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No Tears For Former Klansman Byrd


Senator Robert Byrd, Democrat of West Virginia, died recently. The other day I saw a clip of him singing “Amazing Grace.” The sincerity in his voice was unmistakable. And why not? That hymn is his only saving grace. For Byrd found his faith in the Baptist church, which teaches that all sin can be washed away “in the blood of Christ.” It is divine grace and not good works that rights the wrongs perpetrated against one’s fellow human beings.

In the early 1940s Byrd brought together a number of his friends to form a chapter – a klavern – of the Ku Klux Klan. He solicited from each of them $10 for membership and $3 for a robe and hood. The grand dragon for the Mid-Atlantic States region came to Byrd’s community to officially open the chapter. Byrd was elected the so-called exalted cyclops of his Klavern.

Byrd said that at the time he viewed the Klan as merely a fraternal group of “understanding people” – doctors, lawyers clergy – who never preached violence or prejudice against blacks, Catholics or Jews.

He was partially correct. The KKK was composed of ignorant, racist and bigoted individuals. But, as Byrd stated, it included among its ranks many doctors, lawyers, clergy and judges. Its influence was felt everywhere.

The Klan’s control of nearly every aspect of Southern society was frightening. The Klan exchanged the lash of slavery for the hangman’s rope. Its burning crosses meant torture, death, and the destruction of black homes and churches. Advertisement

In 1948 Byrd wrote to the notoriously segregationist Theodore Bilbo, a Democratic senator from Mississippi, regarding President Truman’s desire to integrate the American military. Byrd said he would never fight in the armed forces “with a Negro by my side. Rather I should die a thousand times, and see Old Glory trampled in the dirt never to rise again than to see this beloved land of ours become degraded by race mongrels.”

Yes, I do understand why “Amazing Grace” was Byrd’s favorite hymn.

Shortly after Byrd’s death I was visiting a relative at Skokie Hospital and noticed that CNN was broadcasting from the Senate chambers. There, lying in state, was the former exalted cyclops himself.

Frankly, I was sickened. The uneasy feeling worsened the very next day as I watched President Obama, of all people, eulogizing Byrd, stating that while Byrd began as a racist, he repented and became a supporter of the civil rights movement.

What really happened, of course, was that Byrd saw the handwriting on the wall. Ever the wily politician, he understood that if he didn’t get on the civil-rights bandwagon his career would be over. Do you really believe a man who in 1948 wouldn’t serve in a fox hole with “race mongrels” suddenly decided he desired to eat in the same restaurant, send his children to the same school and swim in the same pool with “race mongrels” – i.e., African-Americans?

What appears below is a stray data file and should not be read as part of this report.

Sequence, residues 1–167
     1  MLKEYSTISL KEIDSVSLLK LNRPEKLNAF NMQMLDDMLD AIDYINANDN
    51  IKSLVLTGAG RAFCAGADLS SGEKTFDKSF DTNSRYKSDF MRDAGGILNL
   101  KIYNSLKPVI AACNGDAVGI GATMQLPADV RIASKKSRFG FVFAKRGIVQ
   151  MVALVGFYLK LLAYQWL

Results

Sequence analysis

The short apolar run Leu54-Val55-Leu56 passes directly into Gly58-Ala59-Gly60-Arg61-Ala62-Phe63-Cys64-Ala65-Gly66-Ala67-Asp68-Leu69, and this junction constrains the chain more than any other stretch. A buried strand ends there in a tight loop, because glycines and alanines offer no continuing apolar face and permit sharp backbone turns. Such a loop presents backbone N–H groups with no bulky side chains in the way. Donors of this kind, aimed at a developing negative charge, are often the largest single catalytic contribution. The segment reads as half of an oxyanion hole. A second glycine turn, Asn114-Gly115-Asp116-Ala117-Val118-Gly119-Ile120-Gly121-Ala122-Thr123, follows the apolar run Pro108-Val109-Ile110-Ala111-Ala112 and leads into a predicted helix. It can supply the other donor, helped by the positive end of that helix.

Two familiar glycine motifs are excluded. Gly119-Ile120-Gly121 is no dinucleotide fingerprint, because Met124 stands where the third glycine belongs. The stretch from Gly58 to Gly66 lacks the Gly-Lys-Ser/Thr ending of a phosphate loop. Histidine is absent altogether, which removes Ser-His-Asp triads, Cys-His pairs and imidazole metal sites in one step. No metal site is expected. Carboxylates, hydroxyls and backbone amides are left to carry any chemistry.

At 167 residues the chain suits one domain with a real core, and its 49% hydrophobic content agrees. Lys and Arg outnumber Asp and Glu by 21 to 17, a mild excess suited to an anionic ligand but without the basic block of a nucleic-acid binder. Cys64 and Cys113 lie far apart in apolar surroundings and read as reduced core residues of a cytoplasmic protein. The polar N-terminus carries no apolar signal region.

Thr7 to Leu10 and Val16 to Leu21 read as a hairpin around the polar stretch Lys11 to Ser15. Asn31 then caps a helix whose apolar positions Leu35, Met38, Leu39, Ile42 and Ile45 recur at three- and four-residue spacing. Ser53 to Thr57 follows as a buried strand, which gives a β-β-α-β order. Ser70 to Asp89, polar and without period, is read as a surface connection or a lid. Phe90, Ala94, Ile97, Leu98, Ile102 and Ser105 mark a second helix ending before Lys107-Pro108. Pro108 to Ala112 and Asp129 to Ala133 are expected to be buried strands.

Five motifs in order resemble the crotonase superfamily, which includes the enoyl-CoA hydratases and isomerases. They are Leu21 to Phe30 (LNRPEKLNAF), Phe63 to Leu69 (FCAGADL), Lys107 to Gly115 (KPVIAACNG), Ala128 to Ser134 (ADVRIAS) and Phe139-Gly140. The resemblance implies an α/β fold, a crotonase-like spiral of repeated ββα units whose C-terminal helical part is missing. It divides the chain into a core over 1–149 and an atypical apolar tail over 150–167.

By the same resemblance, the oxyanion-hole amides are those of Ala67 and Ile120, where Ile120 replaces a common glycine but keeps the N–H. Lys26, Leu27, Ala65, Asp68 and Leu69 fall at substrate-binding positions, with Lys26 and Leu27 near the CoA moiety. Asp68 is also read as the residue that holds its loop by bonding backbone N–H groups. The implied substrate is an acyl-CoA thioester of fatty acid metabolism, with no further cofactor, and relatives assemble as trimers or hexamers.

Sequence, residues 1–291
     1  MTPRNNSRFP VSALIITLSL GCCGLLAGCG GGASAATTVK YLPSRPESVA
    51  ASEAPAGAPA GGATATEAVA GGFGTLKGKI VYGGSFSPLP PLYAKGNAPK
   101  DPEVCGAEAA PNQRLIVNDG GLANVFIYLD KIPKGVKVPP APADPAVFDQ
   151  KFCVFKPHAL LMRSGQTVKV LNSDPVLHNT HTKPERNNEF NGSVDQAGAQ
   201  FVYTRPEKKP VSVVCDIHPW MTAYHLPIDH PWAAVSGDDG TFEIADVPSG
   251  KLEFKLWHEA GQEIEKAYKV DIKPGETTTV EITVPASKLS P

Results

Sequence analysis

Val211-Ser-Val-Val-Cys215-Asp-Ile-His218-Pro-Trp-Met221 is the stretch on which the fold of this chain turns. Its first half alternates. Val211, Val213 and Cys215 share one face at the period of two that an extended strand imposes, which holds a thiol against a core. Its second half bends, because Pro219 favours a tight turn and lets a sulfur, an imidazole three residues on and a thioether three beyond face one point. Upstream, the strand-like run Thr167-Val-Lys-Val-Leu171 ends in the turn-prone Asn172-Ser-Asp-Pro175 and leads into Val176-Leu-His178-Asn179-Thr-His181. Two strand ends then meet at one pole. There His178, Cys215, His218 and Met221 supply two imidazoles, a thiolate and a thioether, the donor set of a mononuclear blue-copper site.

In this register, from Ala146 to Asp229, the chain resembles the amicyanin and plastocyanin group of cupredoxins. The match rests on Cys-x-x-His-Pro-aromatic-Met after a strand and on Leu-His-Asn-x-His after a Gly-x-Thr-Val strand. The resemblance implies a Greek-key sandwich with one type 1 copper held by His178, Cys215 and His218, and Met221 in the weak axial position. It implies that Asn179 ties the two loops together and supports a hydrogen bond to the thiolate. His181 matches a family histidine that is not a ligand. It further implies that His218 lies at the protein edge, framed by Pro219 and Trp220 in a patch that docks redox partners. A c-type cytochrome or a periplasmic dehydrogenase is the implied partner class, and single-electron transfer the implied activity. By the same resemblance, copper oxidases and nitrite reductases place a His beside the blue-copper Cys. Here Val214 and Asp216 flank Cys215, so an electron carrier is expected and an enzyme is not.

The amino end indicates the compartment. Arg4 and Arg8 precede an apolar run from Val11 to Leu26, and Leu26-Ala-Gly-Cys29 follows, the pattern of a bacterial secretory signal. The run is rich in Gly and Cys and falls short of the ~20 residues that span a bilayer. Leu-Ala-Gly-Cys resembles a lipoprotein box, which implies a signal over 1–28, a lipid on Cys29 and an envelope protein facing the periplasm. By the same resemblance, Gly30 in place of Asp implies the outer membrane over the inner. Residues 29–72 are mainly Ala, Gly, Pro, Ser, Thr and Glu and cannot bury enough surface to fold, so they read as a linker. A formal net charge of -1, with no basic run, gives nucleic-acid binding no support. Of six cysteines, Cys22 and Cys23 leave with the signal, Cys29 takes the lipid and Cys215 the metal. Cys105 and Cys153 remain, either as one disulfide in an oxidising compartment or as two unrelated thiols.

Suffering is not the unique property of the Jew. The story of slavery and segregation in the United States is one that we as Americans and as Jews should never forget. The death, pain, violence and torture – the absolute dehumanization visited upon innocent individuals of color – is something we Jews should empathize with.

We Jews sought out for punishment those who played a role in the Final Solution. It didn’t matter whether it was a mere pencil pusher or a guard in a concentration camp who regularly beat and tortured Jewish inmates – for us, all were guilty and deserved retribution for their crimes.

What retribution did that former exalted cyclops and kleagle (recruitment officer) of the KKK, Robert Byrd, receive for his active involvement in that demonic organization? In life he enjoyed the singular privilege of being a U.S. senator – for half a century! – and in death was granted the honor of lying in state in the sacred chamber of the Senate, eulogized by the president of the United States. To call it disgraceful would be an understatement.

Rabbi Philip Lefkowitz is the rav of Agudas Achim North Shore Congregation in Chicago.

About the Author: Rabbi Philip Lefkowitz is the rav of Agudas Achim North Shore Congregation in Chicago. During his 43 years in the rabbinate he has led congregations in the U.S., Canada and the United Kingdom and served as an officer, Executive Committee member and chair of the Legislative Committee of the Chicago Rabbinical Council.


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Senator Robert Byrd, Democrat of West Virginia, died recently. The other day I saw a clip of him singing “Amazing Grace.” The sincerity in his voice was unmistakable. And why not? That hymn is his only saving grace. For Byrd found his faith in the Baptist church, which teaches that all sin can be washed away “in the blood of Christ.” It is divine grace and not good works that rights the wrongs perpetrated against one’s fellow human beings.

Having received a number of comments regarding my Jan. 1 op-ed article “Its Time to Bring Back the Communal Cold Shoulder,” it’s apparent that I need to clarify my position.

In 1890, William Blackstone organized a conference in Chicago of Christians and Jews to respond to the pogroms then occurring in Russia. The group unanimously passed a resolution urging world leaders “to stay the hand of cruelty from these time-honored People which have given them as well as us our Bible, our religion, and our knowledge of God.”

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